Here are the full Rule 5 Draft results. Here are the players the Yankees lost in the Major League phase:

  • Braves: RHP Anyelo Gomez
  • Mariners: 1B Mike Ford
  • Orioles: LHP Nestor Cortes and RHP Jose Mesa Jr.

I’m surprised Ford was picked, despite his strong minor league numbers. The 25-year-old hit .270/.404/.471 (144 wRC+) with 20 homers and way more walks (94) than strikeouts (72) this season, mostly at Double-A. Ford is only the fourth full-time first baseman picked in the Rule 5 Draft over the last two decades. I guess the Mariners will see whether he and Ryon Healy can be a productive first base platoon going forward.

The three pitchers getting selected was not a surprise. Gomez is the most notable and best prospect of the bunch. The soon-to-be 25-year-old has an upper-90s fastball and a very good changeup, and this past season he broke out with a 1.92 ERA (2.19 FIP) and 31.0% strikeouts in 71 innings at four levels. Cortes has always posted great minor league numbers, though he’s a finesse southpaw who rarely cracks 90 mph with his heater. Joe Table II has okay stuff and started to put it together this year. RHP J.P. Feyereisen and RHP Cale Coshow were among those Rule 5 Draft eligible but not selected.

As a reminder, players selected in the Rule 5 Draft must spend the entire 2018 season on their new team’s active 25-man roster, or be placed on waivers and offered back to their old team. Most Rule 5 Draft players are offered back, usually before the end of Spring Training. I think Gomez has by far the best chance of sticking among the four players the Yankees lost today. The O’s do have a history of riding it out with Rule 5 Draft players no matter how poorly they perform, however, so perhaps Cortes and/or Mesa will stick.

In the minor league phase of the Rule 5 Draft, the Yankees lost depth C Sharif Othman (Marlins) and converted infielder RHP Yancarlos Baez (Twins). The Yankees selected OF Junior Soto from the Indians as well. The 20-year-old hit .172/.208/.408 (67 wRC+) in 52 Low-A games last season. Soto was a big deal as an international free agent years ago — he signed for $600,000 in 2013 — but things haven’t worked out. The Yankees are taking a flier because why not?

The minor league phase of the Rule 5 Draft works differently than the Major League phase. Players lost in the minor league phase do not have to be offered back and there are no roster rules. They’re just gone. So, after all that, the Yankees lost six players (Ford, Gomez, Cortes, Mesa, Baez, Othman) and added one (Soto). The four Major League phase guys could all end up coming back at some point. Pretty much business as usual at the Rule 5 Draft.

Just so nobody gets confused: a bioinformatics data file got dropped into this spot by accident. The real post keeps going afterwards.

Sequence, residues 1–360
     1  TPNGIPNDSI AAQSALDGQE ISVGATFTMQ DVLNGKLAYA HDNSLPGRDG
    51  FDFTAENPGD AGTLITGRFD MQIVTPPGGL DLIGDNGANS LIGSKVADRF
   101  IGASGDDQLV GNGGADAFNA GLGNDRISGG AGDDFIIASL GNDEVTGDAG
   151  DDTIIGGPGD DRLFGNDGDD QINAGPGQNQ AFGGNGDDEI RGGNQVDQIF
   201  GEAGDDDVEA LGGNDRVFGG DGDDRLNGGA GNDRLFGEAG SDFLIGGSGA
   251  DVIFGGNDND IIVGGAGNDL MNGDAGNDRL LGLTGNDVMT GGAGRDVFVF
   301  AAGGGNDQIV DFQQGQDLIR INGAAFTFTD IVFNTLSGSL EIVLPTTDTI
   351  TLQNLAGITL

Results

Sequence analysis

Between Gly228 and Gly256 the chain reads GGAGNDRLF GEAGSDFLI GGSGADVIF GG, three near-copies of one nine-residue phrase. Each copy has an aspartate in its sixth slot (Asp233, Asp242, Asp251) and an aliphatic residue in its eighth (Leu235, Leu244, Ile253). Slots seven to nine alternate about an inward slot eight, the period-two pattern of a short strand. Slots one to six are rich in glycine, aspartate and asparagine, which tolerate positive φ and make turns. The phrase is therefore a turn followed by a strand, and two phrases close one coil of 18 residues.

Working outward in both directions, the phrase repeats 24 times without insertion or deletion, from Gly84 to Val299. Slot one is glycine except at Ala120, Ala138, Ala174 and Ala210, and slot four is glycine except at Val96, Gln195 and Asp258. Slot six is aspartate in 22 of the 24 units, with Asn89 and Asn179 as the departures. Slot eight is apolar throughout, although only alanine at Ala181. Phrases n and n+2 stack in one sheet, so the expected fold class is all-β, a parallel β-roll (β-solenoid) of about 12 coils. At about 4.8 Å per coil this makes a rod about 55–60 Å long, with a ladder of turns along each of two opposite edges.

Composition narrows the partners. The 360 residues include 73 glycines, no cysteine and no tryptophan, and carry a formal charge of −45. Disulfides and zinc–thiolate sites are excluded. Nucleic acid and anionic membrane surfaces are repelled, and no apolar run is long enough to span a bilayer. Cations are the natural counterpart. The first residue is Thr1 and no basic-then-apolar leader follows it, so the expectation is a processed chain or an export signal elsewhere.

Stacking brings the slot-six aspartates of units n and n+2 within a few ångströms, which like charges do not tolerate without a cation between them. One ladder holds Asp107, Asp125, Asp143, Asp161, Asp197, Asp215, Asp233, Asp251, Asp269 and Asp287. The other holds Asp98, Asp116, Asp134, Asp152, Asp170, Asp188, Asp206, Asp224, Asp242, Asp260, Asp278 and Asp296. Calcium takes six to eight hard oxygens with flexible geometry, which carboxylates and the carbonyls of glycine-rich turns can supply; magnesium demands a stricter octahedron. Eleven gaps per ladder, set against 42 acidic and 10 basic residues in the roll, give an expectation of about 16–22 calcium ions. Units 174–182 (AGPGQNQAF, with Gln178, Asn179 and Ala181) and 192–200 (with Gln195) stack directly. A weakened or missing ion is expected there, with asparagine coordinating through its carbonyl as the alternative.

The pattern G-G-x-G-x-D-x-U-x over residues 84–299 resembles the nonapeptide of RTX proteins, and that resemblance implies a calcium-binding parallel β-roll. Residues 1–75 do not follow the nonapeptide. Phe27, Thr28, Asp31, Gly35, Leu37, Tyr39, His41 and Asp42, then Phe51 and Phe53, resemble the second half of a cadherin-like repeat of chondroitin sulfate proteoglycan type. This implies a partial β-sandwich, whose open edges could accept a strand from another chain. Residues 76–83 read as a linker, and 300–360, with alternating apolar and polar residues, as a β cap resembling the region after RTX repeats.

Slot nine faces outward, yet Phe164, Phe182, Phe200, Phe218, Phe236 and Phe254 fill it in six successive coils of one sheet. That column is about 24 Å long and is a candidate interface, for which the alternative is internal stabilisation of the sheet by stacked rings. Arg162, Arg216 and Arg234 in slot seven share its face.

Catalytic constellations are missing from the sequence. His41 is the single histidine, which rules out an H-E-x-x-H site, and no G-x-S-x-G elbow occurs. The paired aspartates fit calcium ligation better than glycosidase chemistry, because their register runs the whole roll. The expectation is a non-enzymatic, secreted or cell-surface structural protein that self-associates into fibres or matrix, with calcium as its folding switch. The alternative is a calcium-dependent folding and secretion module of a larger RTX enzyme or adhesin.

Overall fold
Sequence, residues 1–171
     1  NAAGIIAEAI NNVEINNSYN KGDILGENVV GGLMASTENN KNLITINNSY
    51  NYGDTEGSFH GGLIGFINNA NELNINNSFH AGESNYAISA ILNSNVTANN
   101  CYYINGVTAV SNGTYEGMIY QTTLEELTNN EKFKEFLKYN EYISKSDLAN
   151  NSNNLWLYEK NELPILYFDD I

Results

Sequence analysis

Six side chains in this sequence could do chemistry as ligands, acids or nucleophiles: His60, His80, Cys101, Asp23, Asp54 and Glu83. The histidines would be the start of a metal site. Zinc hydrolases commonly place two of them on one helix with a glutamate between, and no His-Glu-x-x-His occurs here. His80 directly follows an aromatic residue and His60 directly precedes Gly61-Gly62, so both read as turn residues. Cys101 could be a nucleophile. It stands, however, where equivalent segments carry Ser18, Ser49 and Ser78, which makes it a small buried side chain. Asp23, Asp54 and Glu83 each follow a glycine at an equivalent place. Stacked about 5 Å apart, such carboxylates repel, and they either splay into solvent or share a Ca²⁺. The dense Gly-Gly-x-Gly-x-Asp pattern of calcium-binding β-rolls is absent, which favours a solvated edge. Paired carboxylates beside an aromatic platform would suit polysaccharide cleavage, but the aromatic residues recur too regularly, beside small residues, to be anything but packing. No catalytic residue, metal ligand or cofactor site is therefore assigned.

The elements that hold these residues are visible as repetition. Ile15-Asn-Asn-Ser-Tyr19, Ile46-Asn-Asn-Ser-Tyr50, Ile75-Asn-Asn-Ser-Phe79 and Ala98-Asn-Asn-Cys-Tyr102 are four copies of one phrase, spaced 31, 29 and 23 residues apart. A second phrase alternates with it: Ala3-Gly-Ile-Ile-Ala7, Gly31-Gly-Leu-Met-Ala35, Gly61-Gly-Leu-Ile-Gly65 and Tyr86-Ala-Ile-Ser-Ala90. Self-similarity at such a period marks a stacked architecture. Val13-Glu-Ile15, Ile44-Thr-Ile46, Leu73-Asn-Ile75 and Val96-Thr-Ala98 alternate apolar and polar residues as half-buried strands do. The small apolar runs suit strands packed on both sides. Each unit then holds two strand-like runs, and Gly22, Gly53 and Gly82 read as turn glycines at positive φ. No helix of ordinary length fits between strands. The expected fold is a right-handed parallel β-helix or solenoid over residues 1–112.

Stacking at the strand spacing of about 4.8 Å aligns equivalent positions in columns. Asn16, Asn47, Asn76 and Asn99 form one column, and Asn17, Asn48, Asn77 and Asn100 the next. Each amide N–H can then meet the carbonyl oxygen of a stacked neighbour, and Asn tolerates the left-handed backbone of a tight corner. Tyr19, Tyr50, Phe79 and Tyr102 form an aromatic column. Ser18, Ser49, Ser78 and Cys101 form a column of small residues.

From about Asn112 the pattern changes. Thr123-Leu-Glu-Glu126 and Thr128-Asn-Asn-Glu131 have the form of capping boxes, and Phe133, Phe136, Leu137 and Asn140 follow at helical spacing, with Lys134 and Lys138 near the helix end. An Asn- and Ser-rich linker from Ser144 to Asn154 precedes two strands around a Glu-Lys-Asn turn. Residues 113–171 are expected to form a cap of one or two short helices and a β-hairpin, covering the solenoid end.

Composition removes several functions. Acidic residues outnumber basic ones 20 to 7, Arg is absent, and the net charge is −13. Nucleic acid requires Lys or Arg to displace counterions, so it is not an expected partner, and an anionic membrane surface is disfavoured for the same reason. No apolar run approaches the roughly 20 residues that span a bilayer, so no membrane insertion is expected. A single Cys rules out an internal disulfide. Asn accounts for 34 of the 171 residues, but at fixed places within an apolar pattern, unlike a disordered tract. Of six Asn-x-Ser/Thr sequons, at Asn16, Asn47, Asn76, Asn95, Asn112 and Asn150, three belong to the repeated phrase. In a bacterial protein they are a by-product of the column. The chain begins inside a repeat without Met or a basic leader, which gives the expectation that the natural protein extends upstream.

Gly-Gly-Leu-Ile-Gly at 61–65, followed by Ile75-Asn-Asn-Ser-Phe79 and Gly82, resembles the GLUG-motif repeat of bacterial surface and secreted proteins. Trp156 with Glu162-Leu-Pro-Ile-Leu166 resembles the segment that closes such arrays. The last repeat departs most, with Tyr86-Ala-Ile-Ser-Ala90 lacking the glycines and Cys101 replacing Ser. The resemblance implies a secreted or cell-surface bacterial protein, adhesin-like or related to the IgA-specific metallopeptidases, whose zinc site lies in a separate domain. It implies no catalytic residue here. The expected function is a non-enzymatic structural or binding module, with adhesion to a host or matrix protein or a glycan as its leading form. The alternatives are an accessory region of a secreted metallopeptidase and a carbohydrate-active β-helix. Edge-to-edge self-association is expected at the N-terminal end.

2017 Winter Meetings Open Thread: Thursday

Machado. (Justin Berl/Getty)
Machado. (Justin Berl/Getty)

The Winter Meetings come to an end today and, really, they’ll be over before lunchtime. The Rule 5 Draft is this morning and everyone heads home after that. The Yankees will undoubtedly lose some players in the Rule 5 Draft. That tends to happen when you have a strong farm system. There’s a good chance Nestor Cortes, Anyelo Gomez, and J.P. Feyereisen will hear their names called today. Bryan Hoch says the Yankees won’t make a Rule 5 Draft pick themselves. They’re focused on adding pitching.

“We are accessing all opportunities and see if we can land a plane,” said Brian Cashman to Andrew Marchand yesterday. “Right now, we are circling the airport. We are waiting for clearance on the runway. That is not from ownership. That means that we’ve got the signal that it is a safe landing spot, that we are comfortable with it, excited by that. We have enough gas in that tank that we can keep circling for awhile.”

The Yankees were connected to basically every young controllable starting pitcher Monday, Tuesday, and Wednesday. That includes Gerrit Cole, Michael Fulmer, Danny Duffy, Patrick Corbin, you name it. Starting pitching is clearly the priority right now, even over an infielder. We’ll again keep track of the day’s Yankees-related rumors here, though I can’t promise much activity today. Keep check back for updates anyway. All timestamps are ET.

  • 3:14pm: The price of starting pitching is too damn high, according to the Yankees. Seems like general offseason machinations to me. We want this guy but price is too high, rinse and repeat. [Heyman]
  • 10:10am: The Yankees have checked in on Machado but have no expectation of Orioles owner Peter Angelos approving a trade. Angelos hates the Yankees. I think he’s sooner keep Machado and lose him as a free agent than trade him to the Yankees. [Jon Heyman]
  • 9:41am: Contract talks with CC Sabathia have moved at a slow pace. The Yankees are focused right now on adding a younger pitcher and are talking with multiple teams. [Jack Curry]
  • 9:00am: The Orioles are “moving aggressively” in Manny Machado trade talks and the Yankees are among the teams to make an offer. O’s GM Dan Duquette said the club is open to trading Machado to the Yankees, though I’m going to have to see it to believe it. The White Sox have emerged as the frontrunner for the time being. Would they trade for Machado then flip him to the Yankees?. [Bob Nightengale, Ken Rosenthal, Rich Dubroff]
  • 9:00am: The Pirates are “gathering names” of young Yankees players who could be included in a trade for Cole. In addition to Cole and Fulmer, the Yankees are also looking at Chris Archer. An intra-division trade would be tough. [Bill Brink]